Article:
Clubs from Campeonato Brasileiro Serie A, the top division of Brazilian club football, have rejected the planned implementation of the video assistant referee (VAR) system in the league amid concerns over its cost.
The announcement was made following a technical meeting at the headquarters of the Brazilian Football Confederation (CBF). The CBF had initially promised that VAR would be in place in some Serie A matches following a controversial incident during a game in September. Corinthians defeated Vasco da Gama 1-0 through a goal scored by Jo (pictured), who appeared to help the ball into the net with his arm.
The CBF did not disclose the reason behind the decision not to introduce VAR for the 2018 Serie A season, but multiple reports have cited cost. GlobeEsporte.com said the CBF wanted clubs to pay for the system, with an estimated cost of R$20m (€5.1m/$6.2m) over a season. Twelve clubs were reported to have voted against VAR, with seven in favour and one abstention.
Vasco president Alexandre Campello said: “This was a decision of the majority, at high cost to the clubs. For each club, (the video referee) would cost R$500,000 just for the second round, or R$1m for the entire championship. We decided to wait to observe the (Fifa) World Cup and maybe implement in the Brasileiro next year.”
The VAR system is set to be used at a World Cup for the first time in Russia later this year, with world football’s governing body in talks with potential sponsors for the initiative. The development came after the annual business meeting of the International Football Association Board (IFAB), the sport’s rule-making body, at Fifa headquarters in Zurich, Switzerland last month.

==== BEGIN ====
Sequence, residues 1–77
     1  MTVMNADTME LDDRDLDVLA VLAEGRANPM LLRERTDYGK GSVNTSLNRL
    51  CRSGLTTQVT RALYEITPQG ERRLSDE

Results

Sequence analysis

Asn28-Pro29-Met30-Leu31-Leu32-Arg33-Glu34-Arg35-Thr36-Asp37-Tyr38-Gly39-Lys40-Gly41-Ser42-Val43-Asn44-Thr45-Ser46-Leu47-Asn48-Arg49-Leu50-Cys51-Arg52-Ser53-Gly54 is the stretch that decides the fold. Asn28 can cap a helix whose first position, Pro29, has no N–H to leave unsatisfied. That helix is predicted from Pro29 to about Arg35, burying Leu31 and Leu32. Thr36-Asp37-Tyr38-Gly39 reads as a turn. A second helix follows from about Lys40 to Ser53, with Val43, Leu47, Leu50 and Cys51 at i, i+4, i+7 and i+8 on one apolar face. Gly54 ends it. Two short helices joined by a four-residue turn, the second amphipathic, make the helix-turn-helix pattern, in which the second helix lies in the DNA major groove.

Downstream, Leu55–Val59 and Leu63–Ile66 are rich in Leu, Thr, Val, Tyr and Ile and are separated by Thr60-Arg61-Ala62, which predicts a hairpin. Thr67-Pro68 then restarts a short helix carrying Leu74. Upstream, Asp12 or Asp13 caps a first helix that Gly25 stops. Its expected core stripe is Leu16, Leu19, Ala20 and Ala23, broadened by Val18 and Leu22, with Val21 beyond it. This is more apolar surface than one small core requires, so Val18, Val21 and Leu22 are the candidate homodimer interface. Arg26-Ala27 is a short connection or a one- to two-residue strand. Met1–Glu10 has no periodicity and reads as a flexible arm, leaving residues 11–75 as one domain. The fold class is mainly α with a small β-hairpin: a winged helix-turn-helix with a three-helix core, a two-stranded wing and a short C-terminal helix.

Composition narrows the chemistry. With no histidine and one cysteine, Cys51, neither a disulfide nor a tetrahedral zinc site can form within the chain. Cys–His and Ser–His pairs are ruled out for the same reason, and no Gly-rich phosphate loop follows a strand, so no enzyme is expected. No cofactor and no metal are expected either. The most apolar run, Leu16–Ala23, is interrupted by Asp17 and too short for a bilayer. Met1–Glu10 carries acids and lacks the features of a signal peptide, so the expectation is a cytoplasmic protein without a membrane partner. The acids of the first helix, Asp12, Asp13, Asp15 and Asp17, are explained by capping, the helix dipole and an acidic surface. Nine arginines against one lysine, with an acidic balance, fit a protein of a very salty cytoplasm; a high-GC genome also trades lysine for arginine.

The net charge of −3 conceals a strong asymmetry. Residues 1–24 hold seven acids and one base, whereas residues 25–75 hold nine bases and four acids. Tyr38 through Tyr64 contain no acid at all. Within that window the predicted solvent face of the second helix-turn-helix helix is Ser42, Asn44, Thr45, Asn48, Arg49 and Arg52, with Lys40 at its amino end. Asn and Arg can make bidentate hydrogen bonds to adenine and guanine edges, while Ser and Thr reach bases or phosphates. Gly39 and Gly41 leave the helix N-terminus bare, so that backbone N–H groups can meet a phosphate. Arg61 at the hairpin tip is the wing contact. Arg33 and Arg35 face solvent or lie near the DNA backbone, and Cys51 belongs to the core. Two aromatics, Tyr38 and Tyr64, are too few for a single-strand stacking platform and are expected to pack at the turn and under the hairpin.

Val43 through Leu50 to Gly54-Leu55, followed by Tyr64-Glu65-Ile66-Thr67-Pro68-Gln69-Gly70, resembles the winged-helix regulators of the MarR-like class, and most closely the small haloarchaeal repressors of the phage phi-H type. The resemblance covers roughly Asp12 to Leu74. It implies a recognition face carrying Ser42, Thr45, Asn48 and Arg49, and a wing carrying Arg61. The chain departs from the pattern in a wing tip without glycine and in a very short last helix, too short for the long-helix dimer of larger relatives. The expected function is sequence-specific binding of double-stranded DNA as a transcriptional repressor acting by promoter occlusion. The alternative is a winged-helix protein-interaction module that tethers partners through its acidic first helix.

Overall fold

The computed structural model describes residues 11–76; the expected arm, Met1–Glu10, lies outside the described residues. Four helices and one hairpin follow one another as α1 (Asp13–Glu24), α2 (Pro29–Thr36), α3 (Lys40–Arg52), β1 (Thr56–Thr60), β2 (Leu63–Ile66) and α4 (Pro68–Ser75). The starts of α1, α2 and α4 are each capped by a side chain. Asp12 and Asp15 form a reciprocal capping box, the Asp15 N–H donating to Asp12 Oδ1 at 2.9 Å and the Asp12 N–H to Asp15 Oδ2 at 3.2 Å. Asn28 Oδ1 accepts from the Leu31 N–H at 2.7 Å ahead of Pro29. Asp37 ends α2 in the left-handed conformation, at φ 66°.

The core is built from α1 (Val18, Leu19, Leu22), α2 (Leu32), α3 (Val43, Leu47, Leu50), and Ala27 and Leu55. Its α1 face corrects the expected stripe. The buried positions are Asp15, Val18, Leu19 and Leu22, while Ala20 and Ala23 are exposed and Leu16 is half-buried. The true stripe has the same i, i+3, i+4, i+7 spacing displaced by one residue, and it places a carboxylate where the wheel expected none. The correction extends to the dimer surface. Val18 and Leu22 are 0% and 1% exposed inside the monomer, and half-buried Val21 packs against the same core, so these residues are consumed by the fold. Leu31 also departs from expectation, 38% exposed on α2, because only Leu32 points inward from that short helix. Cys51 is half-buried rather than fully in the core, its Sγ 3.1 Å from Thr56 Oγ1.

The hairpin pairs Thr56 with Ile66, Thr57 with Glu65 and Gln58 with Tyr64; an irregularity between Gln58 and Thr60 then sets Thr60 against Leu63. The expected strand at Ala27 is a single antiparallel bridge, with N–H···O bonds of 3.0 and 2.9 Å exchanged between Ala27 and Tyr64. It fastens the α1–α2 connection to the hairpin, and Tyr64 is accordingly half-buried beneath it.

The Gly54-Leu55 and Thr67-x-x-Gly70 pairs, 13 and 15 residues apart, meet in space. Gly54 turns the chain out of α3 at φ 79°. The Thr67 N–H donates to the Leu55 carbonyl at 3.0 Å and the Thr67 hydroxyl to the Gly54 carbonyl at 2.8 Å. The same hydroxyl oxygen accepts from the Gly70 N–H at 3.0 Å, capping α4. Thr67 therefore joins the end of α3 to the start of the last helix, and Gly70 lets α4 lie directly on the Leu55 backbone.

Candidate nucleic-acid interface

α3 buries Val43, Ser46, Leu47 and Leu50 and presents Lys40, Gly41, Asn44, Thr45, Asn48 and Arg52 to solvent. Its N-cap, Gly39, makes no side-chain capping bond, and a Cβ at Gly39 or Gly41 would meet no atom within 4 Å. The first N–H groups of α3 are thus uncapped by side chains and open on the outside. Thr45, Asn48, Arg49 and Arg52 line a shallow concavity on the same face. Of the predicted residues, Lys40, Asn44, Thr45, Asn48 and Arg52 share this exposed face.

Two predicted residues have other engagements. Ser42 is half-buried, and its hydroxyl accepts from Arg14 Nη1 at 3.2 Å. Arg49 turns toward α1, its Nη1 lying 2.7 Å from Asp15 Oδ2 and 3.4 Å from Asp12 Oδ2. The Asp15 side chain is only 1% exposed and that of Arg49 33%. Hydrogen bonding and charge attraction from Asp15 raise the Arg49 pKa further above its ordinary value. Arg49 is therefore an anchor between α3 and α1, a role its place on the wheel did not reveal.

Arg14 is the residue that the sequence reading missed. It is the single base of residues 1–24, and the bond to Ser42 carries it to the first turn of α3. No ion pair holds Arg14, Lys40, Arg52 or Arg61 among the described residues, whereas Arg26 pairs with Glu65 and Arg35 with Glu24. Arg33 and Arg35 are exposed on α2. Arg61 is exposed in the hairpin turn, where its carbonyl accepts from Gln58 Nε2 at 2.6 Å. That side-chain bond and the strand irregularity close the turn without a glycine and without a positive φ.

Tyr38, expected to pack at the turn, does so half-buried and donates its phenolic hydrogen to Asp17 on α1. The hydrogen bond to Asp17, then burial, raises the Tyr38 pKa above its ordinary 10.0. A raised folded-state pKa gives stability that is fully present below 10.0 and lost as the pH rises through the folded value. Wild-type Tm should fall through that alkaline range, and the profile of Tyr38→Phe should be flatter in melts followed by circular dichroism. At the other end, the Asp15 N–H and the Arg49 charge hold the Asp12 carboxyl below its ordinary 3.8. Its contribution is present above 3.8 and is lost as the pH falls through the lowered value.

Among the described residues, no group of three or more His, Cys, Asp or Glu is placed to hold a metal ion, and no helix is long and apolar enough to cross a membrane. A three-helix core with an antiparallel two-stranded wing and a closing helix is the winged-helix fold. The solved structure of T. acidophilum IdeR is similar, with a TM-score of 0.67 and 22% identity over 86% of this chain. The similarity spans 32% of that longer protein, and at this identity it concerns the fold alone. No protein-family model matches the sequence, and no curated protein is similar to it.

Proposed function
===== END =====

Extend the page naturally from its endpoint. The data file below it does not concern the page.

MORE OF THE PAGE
In a statement, Fifa said the IFAB was encouraged by the “positive and thorough results” of the VAR experiment and agreed that a proposal to ensure consistency in using VAR would be made for approval at the IFAB annual general meeting in Zurich on March 3.
VAR is used to determine contentious issues such as the award of goals and penalties, decisions over direct red cards and cases of mistaken identity. Leagues that use the extra technology feature a fifth match official who studies video footage of an incident before a decision is reached by the referee.
The CBF has said it will instead foot the cost of implementing VAR for some matches during the latter stages of this season’s Copa do Brasil. In other news from the meeting, the CBF has permitted clubs to play up to five ‘home’ games in states outside their own. This will exclude the final five rounds of the season, with clubs often generating more revenue through gate receipts by playing matches away from their home stadium.